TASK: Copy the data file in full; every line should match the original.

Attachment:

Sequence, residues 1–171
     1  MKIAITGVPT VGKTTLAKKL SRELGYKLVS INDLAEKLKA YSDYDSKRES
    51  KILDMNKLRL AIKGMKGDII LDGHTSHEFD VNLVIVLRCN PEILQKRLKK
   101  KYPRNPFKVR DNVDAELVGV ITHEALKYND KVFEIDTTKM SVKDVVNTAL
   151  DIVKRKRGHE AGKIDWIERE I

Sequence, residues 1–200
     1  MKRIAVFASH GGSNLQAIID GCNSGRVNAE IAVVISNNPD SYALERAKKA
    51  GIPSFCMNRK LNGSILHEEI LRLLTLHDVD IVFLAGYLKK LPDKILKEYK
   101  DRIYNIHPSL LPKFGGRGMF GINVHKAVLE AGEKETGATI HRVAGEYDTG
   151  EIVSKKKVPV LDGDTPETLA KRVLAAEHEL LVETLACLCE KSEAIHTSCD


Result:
Sequence, residues 1–171
     1  MKIAITGVPT VGKTTLAKKL SRELGYKLVS INDLAEKLKA YSDYDSKRES
    51  KILDMNKLRL AIKGMKGDII LDGHTSHEFD VNLVIVLRCN PEILQKRLKK
   101  KYPRNPFKVR DNVDAELVGV ITHEALKYND KVFEIDTTKM SVKDVVNTAL
   151  DIVKRKRGHE AGKIDWIERE I

Sequence, residues 1–200
     1  MKRIAVFASH GGSNLQAIID GCNSGRVNAE IAVVISNNPD SYALERAKKA
    51  GIPSFCMNRK LNGSILHEEI LRLLTLHDVD IVFLAGYLKK LPDKILKEYK
   101  DRIYNIHPSL LPKFGGRGMF GINVHKAVLE AGEKETGATI HRVAGEYDTG
   151  EIVSKKKVPV LDGDTPETLA KRVLAAEHEL LVETLACLCE KSEAIHTSCD